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Alien Scientist: Anti-Cartesian Alien Jellyfish

Author: Stephen Marshall, Issue: February 2002, Topic: Alien Scientist, Science

For all that our bodies know and care, the earth is flat. We walk around and across a more or less flat world, of indefinite extent. We are geared to move forward in the direction of the gaze of our eyes: we have a front and back, and on either side, a left and right. We are not alone. All over the earth, animals have a similar bilateral symmetry: all kinds of creatures, from centipedes to elephants, have a front and back, a left and a right. This shapes our worldview. In a sense we are all good Cartesians. The idea that space itself is three-dimensional becomes easy. Everything is an extension of up-down, front-back and left-right.

Our bodily orientation neatly mirrors our terrestrial frame of reference. The basic gravitational pull of the planet gives us our basic up and down. This is the main force we experience, that pins many of us to the solid surface of the earth. Another force is the magnetic one which defines our north and south. If this is 'up' and 'down' on the map, then east and west are right and left, where the sun rises and sets. The significance of the four cardinal points is ingrained in our perceptions of night and day, summer and winter.

The ancient Chinese believed the Earth to be square. They built cities on a square grid pattern, in tune with the cosmos. The Romans aligned their main streets north-south and east-west. The Americans divided their whole territory into grid squares, ordering the layout of the country before the land itself was surveyed.

It is an easy step from a rectangular landscape to add the vertical dimension. In a sense our principal worldview is cubic. We are all positioned somewhere inside the cube: every point on earth has a latitude, longitude and altitude. You don't even need to believe in a flat earth for this rectangular frame to work.

But not everyone sees things in this way. We may find alternative points of view expressed in the annals of alien cosmology.

Consider, floating in an aqueous region of some planet, an alien jellyfish, more or less round, with a single eye on the top, looking directly upward. (This species is particularly known for stargazing, and advanced in astronomical sciences.) Our alien jellyfish can feel the vertical force of gravity and buoyancy, but has no particular conception of forward and backward, left and right. Everything is the same all the way round.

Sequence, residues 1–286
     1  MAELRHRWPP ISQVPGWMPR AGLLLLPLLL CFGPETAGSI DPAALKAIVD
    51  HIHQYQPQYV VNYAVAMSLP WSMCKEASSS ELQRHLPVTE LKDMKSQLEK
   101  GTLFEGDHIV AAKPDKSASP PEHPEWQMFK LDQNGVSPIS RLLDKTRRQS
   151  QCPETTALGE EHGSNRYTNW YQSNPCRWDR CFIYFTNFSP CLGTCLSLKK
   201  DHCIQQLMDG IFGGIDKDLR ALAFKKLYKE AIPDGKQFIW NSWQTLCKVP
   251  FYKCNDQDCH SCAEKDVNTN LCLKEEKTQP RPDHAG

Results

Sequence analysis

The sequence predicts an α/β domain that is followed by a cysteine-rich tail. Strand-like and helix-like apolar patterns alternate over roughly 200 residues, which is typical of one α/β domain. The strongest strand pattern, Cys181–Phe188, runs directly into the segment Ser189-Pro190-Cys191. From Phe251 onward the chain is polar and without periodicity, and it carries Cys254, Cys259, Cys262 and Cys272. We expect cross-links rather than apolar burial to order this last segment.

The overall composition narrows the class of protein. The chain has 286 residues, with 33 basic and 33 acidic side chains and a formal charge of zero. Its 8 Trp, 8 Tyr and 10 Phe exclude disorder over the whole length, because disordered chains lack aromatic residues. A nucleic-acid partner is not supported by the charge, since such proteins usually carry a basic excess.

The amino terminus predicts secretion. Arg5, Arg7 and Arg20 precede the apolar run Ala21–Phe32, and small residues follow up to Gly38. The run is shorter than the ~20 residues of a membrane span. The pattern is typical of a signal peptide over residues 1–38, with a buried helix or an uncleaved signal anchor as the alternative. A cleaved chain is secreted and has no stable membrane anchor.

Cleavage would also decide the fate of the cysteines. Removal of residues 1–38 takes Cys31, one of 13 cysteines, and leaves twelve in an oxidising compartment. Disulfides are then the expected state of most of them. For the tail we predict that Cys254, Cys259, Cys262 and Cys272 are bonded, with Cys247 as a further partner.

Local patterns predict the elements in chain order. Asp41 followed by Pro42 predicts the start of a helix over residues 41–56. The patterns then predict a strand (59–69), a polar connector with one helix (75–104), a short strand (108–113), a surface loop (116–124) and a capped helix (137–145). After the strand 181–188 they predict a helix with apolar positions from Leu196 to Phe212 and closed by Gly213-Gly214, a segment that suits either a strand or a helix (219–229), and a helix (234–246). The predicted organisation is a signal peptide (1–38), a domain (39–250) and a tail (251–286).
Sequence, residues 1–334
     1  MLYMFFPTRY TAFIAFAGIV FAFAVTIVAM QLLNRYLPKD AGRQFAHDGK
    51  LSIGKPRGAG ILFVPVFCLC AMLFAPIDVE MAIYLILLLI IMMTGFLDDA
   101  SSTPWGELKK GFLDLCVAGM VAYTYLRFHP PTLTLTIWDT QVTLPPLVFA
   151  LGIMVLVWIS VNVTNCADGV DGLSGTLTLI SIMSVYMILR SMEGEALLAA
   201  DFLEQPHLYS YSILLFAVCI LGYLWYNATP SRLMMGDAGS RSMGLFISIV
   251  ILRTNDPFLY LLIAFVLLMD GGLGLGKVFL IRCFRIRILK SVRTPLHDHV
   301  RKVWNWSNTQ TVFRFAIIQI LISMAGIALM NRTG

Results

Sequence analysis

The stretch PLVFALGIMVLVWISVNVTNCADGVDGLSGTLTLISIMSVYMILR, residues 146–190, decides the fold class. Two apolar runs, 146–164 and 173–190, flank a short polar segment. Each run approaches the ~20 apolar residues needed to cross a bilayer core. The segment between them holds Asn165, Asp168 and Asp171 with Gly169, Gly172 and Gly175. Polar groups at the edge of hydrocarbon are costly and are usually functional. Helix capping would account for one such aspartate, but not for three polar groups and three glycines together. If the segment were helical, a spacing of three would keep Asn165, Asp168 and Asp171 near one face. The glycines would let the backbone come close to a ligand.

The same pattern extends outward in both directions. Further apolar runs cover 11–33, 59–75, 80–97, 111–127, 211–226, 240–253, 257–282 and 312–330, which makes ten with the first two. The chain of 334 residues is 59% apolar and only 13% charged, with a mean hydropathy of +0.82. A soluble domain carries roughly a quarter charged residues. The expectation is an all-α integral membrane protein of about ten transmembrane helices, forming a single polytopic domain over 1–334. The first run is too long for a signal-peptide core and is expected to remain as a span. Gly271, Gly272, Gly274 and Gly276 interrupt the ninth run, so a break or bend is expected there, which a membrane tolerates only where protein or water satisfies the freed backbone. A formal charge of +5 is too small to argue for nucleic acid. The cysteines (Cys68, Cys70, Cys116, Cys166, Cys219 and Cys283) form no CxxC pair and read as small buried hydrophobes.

(Human readers are invited to imagine floating in a still swimming pool. If you can become detached from awareness of your bilaterally symmetrical body, you can start to imagine floating free of conception of left and right. The scientific experience is helped if your swimming pool does not have rectangular sides, and you are in the open air, staring directly into boundless space.)

The scientific culture of stargazing jellyfish species does not conceive of a cubic universe of three linear dimensions. These aliens conceive of no left and right, only degrees of rotation.

The most forthrightly anti-Cartesian alien jellyfish live in the condensed polar sea of an obscure gaseous planet. At the poles, 'normal' terrestrial geometry is confounded. There is no neat set of north, south, east and west as such. What is immediately west of the north pole? What is the opposite of south there? We cannot define anything except that North is 'here', South is everywhere else. East and West are not distinct opposites but just degrees of rotation clockwise or anticlockwise. Even the sun can be ambivalent, circling the horizon without distinguishing east or west.

Our pole-dwelling alien jellyfish, then, conceive of neither left and right nor east and west. Their eminent cosmologists cannot understand why earthlings insist on trying to rectanglify everything: to straighten out the horizontal disc of the world into two perpendicular axes. They see it as a rather arbitrary fabrication, a cheap local contrivance which just so happens to work for lazy species living on the flanks of solid planets.

Human scientists may protest; but the anti-Cartesian alien jellyfish point to the fact that when it comes to the bigger cosmological picture, even earthlings abandon their cubic fantasy and revert to a good old polar perspective of the universe: when it comes to mapping interstellar space, everything is imagined as part of a spherical projection, radiating outwards from Earth. Even the ancients who thought the earth was square believed the heavens to be round.

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